SCO has acknowledged that it is currently only targeting Fortune 1000 companies for its Linux licences.
But the company still plans to contact SMEs over licensing at a later date.
"[SCO is] a company of 330 employees with limited resources for doing outreach or handling incoming inquiries on these licences," Blake Stowell, director of public relations at SCO, told vnunet.com.
"For this reason, we have asked our sales force to limit their focus right now to the largest audience that we've had the most interaction with, that being the Fortune 1000."
But when asked why this limitation was not made plain at the outset, Stowell said: "This was a mistake on [SCO's] part."
In May, SCO sent out letters claiming that Linux was an unauthorised derivative of Unix, which SCO owned, and offered companies the option of purchasing a Linux licence.
Stowell said that "several" companies had now signed up, but declined to provide further details.
He said he was confident SCO would provide "added detail" when it discussed its fourth-quarter earnings on 5 December.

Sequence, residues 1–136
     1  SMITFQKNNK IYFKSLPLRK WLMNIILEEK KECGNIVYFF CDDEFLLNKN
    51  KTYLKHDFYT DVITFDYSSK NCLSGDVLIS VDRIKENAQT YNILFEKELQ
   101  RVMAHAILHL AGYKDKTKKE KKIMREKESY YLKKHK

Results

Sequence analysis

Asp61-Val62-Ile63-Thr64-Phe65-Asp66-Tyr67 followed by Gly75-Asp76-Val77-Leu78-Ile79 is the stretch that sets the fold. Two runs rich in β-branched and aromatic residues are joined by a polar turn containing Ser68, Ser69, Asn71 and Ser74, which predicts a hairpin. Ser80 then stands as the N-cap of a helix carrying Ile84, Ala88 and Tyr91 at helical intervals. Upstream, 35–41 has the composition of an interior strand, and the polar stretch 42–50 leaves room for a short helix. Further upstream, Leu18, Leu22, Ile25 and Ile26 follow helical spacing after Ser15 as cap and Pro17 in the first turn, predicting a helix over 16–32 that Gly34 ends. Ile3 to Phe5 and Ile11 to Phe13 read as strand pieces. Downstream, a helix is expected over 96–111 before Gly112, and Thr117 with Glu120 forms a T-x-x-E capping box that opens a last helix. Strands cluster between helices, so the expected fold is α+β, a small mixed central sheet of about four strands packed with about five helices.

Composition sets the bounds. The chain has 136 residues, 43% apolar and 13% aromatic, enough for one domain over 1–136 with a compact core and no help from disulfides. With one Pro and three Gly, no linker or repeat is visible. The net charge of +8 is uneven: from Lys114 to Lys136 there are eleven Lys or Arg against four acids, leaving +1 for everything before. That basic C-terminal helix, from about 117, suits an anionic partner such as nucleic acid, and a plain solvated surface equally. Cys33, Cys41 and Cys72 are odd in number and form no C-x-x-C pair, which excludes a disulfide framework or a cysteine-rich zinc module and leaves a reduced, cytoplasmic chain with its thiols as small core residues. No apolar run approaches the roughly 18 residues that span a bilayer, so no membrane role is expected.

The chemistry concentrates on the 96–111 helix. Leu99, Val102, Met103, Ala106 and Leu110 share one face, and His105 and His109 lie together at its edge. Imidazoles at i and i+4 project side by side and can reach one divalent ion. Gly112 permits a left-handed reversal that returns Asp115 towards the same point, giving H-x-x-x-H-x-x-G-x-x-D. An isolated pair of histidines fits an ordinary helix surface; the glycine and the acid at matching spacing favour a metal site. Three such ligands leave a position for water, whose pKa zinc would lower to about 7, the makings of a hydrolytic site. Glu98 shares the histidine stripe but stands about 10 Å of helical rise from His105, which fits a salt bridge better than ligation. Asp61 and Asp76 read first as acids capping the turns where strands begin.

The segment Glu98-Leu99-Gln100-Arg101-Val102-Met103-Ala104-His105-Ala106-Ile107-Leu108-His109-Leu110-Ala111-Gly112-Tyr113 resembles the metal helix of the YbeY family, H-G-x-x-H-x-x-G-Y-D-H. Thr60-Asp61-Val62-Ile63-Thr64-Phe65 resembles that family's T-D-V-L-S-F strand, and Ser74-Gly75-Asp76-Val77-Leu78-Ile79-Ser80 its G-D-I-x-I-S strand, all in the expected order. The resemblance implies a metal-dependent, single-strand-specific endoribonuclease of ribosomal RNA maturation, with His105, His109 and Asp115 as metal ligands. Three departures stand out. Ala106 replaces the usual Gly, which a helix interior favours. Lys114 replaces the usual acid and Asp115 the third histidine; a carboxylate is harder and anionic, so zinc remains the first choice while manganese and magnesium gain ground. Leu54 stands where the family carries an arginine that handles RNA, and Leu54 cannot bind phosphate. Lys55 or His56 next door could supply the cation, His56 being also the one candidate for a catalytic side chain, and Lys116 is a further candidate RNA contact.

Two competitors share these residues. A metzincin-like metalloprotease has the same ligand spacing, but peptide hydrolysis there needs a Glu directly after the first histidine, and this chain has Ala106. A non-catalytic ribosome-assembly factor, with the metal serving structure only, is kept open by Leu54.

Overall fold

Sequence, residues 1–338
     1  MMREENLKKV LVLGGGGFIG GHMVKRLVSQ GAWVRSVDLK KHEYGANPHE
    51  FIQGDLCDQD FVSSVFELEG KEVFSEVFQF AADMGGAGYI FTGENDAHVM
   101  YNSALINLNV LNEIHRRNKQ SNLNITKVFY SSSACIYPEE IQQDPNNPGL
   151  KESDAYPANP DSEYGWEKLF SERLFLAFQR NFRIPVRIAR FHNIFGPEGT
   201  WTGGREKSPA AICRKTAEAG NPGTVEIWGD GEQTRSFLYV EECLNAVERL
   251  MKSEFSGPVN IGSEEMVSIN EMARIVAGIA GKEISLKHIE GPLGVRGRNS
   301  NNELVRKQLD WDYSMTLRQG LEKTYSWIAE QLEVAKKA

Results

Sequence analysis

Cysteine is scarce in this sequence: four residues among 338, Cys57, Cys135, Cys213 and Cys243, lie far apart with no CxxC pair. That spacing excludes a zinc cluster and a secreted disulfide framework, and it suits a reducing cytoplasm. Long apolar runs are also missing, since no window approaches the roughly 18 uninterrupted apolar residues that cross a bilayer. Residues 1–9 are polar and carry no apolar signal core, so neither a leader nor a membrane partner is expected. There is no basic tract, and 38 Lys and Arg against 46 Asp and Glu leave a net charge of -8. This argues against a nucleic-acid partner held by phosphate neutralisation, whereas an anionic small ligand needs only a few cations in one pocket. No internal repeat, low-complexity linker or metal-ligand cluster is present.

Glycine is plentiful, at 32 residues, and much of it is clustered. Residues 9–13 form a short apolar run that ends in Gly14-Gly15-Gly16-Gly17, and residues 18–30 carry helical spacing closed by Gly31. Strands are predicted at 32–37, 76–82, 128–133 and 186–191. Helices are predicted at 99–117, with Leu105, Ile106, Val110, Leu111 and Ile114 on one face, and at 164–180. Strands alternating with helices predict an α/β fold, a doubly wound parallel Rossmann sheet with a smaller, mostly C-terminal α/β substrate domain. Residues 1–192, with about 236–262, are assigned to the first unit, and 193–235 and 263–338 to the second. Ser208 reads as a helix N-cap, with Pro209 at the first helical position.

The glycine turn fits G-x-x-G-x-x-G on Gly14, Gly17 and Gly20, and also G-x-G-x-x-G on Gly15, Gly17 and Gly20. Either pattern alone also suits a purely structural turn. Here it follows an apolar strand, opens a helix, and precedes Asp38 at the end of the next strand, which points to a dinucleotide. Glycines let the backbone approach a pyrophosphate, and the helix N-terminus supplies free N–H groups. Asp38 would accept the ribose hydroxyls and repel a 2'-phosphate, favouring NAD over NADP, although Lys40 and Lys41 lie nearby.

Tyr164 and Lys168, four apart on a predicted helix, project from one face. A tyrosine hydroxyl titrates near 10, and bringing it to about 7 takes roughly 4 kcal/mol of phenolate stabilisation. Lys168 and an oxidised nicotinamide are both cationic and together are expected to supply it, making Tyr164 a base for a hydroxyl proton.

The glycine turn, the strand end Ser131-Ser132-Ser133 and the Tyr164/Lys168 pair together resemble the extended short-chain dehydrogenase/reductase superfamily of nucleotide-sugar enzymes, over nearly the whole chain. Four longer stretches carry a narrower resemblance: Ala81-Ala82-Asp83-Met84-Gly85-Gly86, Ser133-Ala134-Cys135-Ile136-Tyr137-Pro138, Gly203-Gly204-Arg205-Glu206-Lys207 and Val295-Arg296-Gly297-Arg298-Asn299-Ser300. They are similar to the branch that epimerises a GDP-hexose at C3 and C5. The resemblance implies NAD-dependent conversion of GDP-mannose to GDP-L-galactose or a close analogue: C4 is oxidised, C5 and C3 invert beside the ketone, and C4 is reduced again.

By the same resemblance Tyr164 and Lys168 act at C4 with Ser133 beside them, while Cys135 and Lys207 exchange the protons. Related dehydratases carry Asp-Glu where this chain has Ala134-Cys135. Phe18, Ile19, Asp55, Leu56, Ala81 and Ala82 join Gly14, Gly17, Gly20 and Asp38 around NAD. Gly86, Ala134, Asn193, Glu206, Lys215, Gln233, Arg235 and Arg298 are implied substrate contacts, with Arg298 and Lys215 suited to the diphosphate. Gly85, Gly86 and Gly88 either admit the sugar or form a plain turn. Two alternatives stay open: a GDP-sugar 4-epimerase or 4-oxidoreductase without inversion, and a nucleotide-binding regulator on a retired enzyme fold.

Regarding SMEs, Stowell said: "There is not one company that will face litigation if they are not given a fair chance to purchase a licence."
But James Governor, principal analyst at RedMonk, suggested that SCO's use of the word "fair" was strange.
"The company's actions on licensing do not seem to be in good faith," he said. "Despite this latest wrinkle they are still threatening everyone."
The licence price is set at $1,399 per processor, but there is an initial discount to $699, due to expire on 1 November, after recently being extended by two weeks.
Stowell did not rule out further extensions. "If we did choose to extend [it] we wouldn't announce that until 1 November," he said.
But he recommended smaller companies to contact SCO in order to "get locked in" to the lower price.
"If they wait, then there is a chance they will end up paying the higher licence price when the price goes up later on," he said.
But Governor insisted that companies should ignore this. "My advice is business as usual. Just keep deploying [Linux]," he concluded.
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